Sen. Joe Manchin of West Virginia announces he won't seek reelection in 2024
A MARTÍNEZ, HOST:
Democrats in West Virginia are waking up to a new reality.
LEILA FADEL, HOST:
And Republicans there are seeing an opportunity to pick up a Senate seat that's long been out of reach.
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JOE MANCHIN: After months of deliberation and long conversation with my family, I believe in my heart of hearts that I have accomplished what I set out to do for West Virginia.
FADEL: That's Democrat Joe Manchin announcing in a video news release that he will not run for reelection.
MARTÍNEZ: Here to tell us more is NPR's Dave Mistich, who joins us now from Morgantown, W.V. Dave, Manchin is a moderate from a red state. He holds a lot of power because Democrats hold a very slim majority in the Senate, so how does he wield that influence?
DAVE MISTICH, BYLINE: Well, he sometimes really irked his own party and changed the dynamics of key legislation and votes. Going all the way back to the Trump era, Manchin was the only Democrat who voted to confirm Justice Brett Kavanaugh to the Supreme Court. And Manchin has also been rather pivotal in influencing legislation pushed by the Biden administration, notably the Inflation Reduction Act and a bipartisan bill on infrastructure. He also managed to slip a provision into the debt ceiling bill that expedited a long stalled pipeline that runs through West Virginia and into Virginia, much to the dismay of many of his Democratic colleagues in Congress. State Senator Mike Caputo, one of the few Democrats holding a seat in the state House, had this to say about Manchin.
MIKE CAPUTO: The most powerful Joe in Washington is not Joe Biden, it's Joe Manchin, because he really held the big stick in the Senate and was able to maneuver, and I hate to use the word play, but able to work the system as well as anybody.
MARTÍNEZ: So now that he's putting that stick down in the Senate, I mean, what does this do to the balance of power there?
MISTICH: Well, quite frankly, it gives a big advantage to Republicans seeking to flip that seat. It's one that's been seen as pivotal as to who will control the Senate following next year's elections. And it's a big loss for Democrats here in West Virginia. Republicans took over the state House in Charleston in 2014 for the first time in more than eight decades. Manchin is the only Democrat representing the state in Congress. And then you have former President Donald Trump, who dominated here in the 2016 and 2020 presidential elections. Democrats here, they tell me that they don't feel like Manchin calculated a loss if he ran again. But, you know, they say they see it as him feeling like this was just time to walk away from the Senate. Realistically, though, if he was in this race, Manchin would have been in for a tough fight for sure. And, you know, there's two strong Republican candidates already in the race, Republican Governor Jim Justice, who has been endorsed by former President Trump, and Alex Mooney, who currently holds a seat in Congress.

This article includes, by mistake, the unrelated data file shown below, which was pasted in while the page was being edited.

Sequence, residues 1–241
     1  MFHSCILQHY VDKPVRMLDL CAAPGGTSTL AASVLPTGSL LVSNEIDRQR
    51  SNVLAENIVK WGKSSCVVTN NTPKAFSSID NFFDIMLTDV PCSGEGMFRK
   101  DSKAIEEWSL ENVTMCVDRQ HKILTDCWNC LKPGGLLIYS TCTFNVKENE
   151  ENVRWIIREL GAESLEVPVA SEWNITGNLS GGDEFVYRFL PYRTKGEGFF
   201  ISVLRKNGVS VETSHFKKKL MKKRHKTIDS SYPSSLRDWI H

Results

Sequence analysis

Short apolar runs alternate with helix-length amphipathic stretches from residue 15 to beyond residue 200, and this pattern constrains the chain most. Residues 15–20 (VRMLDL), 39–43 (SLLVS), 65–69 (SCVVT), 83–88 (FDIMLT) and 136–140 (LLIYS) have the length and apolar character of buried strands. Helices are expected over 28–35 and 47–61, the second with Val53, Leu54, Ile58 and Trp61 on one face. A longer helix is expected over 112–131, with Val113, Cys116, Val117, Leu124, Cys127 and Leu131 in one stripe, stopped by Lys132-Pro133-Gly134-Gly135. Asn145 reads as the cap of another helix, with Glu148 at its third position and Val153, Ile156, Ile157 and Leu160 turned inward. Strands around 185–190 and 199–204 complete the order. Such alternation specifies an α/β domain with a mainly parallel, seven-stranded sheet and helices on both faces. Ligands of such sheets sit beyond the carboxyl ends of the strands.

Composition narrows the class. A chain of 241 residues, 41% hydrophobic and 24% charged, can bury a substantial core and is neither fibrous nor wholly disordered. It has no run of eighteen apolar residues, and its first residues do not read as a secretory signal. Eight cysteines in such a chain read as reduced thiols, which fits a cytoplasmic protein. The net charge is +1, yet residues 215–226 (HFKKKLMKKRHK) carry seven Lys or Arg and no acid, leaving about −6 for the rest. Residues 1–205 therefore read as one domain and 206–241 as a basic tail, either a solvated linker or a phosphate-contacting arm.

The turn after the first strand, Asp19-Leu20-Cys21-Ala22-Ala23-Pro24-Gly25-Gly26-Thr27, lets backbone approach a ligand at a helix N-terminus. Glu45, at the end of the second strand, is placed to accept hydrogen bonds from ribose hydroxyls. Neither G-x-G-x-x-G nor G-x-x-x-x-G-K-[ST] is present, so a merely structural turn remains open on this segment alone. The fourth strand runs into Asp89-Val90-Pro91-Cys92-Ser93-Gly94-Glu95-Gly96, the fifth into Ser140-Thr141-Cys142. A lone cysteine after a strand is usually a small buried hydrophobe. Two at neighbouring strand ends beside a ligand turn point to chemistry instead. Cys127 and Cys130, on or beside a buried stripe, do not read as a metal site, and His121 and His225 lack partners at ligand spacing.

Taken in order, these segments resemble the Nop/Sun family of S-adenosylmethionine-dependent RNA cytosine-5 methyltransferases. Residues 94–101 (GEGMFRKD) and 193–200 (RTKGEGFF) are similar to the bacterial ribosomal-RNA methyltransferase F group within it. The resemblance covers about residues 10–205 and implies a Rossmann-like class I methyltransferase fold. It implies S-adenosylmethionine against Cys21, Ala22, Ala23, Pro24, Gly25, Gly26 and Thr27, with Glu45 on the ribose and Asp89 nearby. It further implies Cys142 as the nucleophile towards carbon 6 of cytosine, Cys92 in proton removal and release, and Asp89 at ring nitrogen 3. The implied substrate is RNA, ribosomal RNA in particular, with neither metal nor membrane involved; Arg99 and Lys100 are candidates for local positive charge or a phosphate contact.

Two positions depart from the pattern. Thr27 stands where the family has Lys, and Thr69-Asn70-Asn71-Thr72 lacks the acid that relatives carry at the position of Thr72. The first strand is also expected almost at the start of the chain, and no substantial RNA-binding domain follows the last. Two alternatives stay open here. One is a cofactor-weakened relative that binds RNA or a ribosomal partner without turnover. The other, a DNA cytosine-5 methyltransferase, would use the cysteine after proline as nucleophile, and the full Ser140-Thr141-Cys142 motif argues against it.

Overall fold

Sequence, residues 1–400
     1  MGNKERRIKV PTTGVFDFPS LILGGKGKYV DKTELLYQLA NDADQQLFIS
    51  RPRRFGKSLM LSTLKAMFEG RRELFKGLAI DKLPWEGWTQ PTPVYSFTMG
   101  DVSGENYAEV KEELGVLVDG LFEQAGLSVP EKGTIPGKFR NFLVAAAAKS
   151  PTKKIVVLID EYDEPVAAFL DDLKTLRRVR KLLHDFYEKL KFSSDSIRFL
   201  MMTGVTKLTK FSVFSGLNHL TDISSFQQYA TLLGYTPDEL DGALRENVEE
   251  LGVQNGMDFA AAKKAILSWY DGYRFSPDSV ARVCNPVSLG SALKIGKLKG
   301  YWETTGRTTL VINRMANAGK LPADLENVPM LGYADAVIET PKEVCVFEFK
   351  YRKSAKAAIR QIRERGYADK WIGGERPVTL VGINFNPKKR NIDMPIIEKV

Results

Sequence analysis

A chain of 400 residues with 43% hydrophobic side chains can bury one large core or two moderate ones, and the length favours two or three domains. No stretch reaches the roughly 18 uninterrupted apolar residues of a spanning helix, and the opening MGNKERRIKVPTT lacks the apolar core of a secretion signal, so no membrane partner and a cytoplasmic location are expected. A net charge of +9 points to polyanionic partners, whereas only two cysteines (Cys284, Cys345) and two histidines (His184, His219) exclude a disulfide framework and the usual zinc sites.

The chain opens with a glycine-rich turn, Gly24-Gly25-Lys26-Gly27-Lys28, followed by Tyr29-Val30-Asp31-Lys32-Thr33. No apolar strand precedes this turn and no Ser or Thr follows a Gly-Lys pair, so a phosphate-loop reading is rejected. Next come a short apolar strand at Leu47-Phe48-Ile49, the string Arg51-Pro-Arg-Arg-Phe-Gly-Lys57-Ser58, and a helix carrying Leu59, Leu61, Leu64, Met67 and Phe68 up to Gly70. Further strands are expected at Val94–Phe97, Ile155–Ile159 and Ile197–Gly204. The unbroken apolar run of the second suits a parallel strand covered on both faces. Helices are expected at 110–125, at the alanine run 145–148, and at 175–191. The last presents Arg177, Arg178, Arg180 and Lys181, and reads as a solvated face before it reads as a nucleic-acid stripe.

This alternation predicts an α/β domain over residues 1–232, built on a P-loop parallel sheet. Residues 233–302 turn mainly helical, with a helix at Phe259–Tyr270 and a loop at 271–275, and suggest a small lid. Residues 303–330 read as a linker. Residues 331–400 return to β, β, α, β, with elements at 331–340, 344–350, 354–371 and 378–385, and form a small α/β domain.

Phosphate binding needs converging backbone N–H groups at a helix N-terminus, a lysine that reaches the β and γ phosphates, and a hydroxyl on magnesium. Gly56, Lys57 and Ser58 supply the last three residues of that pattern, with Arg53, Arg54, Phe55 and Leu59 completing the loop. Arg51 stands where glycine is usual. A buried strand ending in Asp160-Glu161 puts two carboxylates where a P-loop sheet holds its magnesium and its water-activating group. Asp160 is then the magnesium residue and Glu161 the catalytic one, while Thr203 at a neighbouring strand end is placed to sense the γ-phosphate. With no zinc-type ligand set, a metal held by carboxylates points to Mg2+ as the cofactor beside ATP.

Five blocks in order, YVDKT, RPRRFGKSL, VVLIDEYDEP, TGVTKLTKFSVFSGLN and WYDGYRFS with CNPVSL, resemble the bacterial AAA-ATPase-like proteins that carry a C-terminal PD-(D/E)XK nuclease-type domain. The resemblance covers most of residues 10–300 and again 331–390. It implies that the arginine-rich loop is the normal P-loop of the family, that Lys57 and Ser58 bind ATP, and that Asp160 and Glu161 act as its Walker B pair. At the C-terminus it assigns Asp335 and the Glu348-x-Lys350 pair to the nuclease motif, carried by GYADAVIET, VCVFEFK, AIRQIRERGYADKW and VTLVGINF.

MARTÍNEZ: All right. So now that he dropped this on West Virginia, he dropped this on the Senate, what's he going to do next?
MISTICH: Well, Manchin says he will travel the country to gauge interest in a movement to, quote, "mobilize the middle." He's been featured at events sponsored by the group No Labels, which has been focused on a third-party ticket, drawing questions about whether or not he is considering a run for president himself. No Labels sent me over a statement last night that said that the Senate is losing a great leader in Manchin. But they said they're still gathering input on what they call a unity ticket, and they say they won't announce their plans until 2024. And if President Biden is concerned at all about how a third-party run might affect his own plans for reelection, he isn't really showing it when it comes to Manchin. The president put out a statement last night thanking the senator for some key wins for his administration.
MARTÍNEZ: Yeah, they've known each other a long time. That's NPR's Dave Mistich. Dave, thanks a lot.
MISTICH: You're welcome. Transcript provided by NPR, Copyright NPR.
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